Grapes with high polyphenols have high tannin (that astringent, bitter, tea-like taste in red wine) and are often deeply colored. Of course, winemakers have learned how to manage bitterness in winemaking so that they taste bold and smooth. Petite Sirah is no exception!
RareFull-Bodied Redgrapefrom france <img class="i-amphtml-intrinsic-sizer" role="presentation" src="data:;base64,» alt=»» aria-hidden=»true» />
The gateway to Italian reds.
Fruit Flavors: Black cherry, black plum, licorice, tobacco, and red chili flakes.
What You’ll Learn: The taste of terroir.
If you’re boggled by Italian wines, you’re not alone. Italy is one of the most challenging wine regions to understand, even for pros. To make things more complicated, many of the top Italian wines (like Barolo) are an acquired taste.
So, start in the south! Sicily and Puglia continue to offer some of the best values in the entire country. Nero d’Avola delivers bold, crowd-pleasing fruit flavors alongside Italy’s trademark dusty, clay-like terroir.
Fruit Flavors: Red cherry, plum, chocolate, graphite, dried herbs, and vanilla.
What You’ll Learn: Great Merlot gives Cabernet Sauvignon a run for the money.
Go to any wine store or restaurant and compare the prices of the higher end bottles of Merlot to Cabernet Sauvignon. Merlot is always cheaper (unless we’re talking Petrus!) What’s funny about this fact is that of all the grapes in the world, Merlot and Cabernet couldn’t be more similar. They’re even related.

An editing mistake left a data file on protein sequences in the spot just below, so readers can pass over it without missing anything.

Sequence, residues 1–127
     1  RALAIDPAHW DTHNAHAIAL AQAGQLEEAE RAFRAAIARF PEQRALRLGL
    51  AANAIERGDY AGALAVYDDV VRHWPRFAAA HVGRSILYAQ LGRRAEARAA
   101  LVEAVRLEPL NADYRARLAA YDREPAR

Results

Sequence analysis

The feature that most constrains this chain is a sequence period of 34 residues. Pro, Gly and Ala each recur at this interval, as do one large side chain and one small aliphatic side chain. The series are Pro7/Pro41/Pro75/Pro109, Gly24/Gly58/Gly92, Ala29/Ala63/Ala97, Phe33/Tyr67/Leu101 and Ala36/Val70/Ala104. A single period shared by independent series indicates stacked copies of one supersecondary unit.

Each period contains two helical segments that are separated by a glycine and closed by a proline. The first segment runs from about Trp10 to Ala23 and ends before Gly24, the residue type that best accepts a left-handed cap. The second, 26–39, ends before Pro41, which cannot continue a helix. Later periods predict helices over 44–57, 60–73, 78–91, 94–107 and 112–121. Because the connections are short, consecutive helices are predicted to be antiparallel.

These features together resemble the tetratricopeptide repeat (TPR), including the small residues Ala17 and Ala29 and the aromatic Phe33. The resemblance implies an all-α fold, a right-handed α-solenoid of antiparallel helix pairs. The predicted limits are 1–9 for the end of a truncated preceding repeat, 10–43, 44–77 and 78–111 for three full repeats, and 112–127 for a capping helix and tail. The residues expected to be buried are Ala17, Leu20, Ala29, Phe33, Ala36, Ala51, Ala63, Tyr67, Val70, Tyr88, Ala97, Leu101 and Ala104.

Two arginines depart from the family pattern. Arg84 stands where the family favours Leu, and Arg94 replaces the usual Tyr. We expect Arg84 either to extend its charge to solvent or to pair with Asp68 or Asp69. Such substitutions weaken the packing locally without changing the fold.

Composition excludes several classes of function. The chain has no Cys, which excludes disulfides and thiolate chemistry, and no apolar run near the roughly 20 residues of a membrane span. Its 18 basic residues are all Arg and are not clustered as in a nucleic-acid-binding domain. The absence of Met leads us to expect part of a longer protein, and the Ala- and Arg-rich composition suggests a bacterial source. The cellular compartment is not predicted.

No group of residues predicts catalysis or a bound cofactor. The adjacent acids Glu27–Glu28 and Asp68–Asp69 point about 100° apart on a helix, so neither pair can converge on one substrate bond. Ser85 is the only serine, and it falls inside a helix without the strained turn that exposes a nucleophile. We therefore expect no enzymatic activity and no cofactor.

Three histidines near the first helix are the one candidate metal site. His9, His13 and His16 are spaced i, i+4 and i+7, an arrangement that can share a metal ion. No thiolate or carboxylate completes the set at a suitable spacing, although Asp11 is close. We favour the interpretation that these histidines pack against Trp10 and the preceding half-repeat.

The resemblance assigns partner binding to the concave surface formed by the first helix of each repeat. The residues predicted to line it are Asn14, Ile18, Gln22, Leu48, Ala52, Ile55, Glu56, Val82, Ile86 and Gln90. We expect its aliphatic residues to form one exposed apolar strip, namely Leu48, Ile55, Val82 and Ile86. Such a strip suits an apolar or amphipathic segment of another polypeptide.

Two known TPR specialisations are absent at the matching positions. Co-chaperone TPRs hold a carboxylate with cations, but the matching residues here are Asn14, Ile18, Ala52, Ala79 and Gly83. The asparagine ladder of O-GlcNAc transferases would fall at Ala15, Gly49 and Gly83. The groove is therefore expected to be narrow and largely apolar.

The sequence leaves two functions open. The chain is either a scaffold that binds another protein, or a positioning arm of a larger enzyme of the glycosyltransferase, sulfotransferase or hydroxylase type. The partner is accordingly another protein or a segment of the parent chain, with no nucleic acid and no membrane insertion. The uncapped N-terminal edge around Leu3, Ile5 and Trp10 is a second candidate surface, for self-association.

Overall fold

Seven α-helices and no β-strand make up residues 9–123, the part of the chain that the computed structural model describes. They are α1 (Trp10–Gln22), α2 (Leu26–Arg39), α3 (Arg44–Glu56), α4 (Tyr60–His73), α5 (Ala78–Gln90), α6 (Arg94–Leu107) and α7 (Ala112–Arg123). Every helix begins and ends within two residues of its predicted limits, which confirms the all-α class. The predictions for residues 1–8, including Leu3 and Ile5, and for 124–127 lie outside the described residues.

PopularMedium-Bodied Redgrapefrom france <img class="i-amphtml-intrinsic-sizer" role="presentation" src="data:;base64,» alt=»» aria-hidden=»true» />
Take Better Notes
Next time you open a bottle of wine, try tasting it with the 4-step method. You’ll be surprised how many more flavors you can get!
H ιστορική και οικονομική συσχέτιση του σαμιώτικου κρασιού με την αγορά της Γαλλίας καθώς και η μακραίωνη διαδρομή του Συνεταιρισμού της Σάμου αποτέλεσαν αντικείμενο παρουσίασης στην ημερίδα «Ταξιδεύοντας αλά Γαλλικά» που διοργανώθηκε στην αίθουσα του Δήμου Σάμου την Κυριακή 12 Μαΐου παρουσία του προέδρου και αντιπροσώπων του Τάγματος Ακαδημαϊκού Φοίνικα. Ο πρόεδρος του ΕΟΣ Σάμου […]
Και τα τέσσερα γλυκά μοσχάτα κρασιά του ΕΟΣ Σάμου προκρίθηκαν και τιμήθηκαν με βραβεία, ξεχωρίζοντας ανάμεσα σε δεκαεπτά χιλιάδες (!) ετικέτες του διεθνούς αμπελώνα, κατά το διαγωνισμό Decanter 2019. Το πολύπλοκο Samos Nectar βαθμολογήθηκε με 91/100 και απέσπασε Ασημένιο μετάλλιο. Την ίδια εξαιρετική βαθμολογία απέσπασαν και τα μυρωδάτα Samos Grand Cru και Samos Vin Doux. […]
Element 29 in our International Year of the Periodic Table series is copper. Though it might not have copper’s characteristic orange-red colour, the Statue of Liberty is made of this metal, and it’s also found in our everyday lives in the wiring and electronic devices in our homes. The Statue of Liberty is coated in 80 tonnes of copper. Though it doesn’t have copper’s characteristic colour today, when it was first erected it did. Over time oxidation caused the formation of verdigris, which is mainly copper(II) carbonate hydroxide, giving it its green colour. Copper’s more everyday presence is in conduction of electricity. It finds use in wiring, electronics, and lightning conductors. The electric wiring in your house and some of the components in your electronic devices likely contain copper. While humans use an iron-containing protein, haemoglobin, to ferry oxygen to their bodies’ cells, this isn’t the case for all animals. Crustaceans use a copper-containing complex to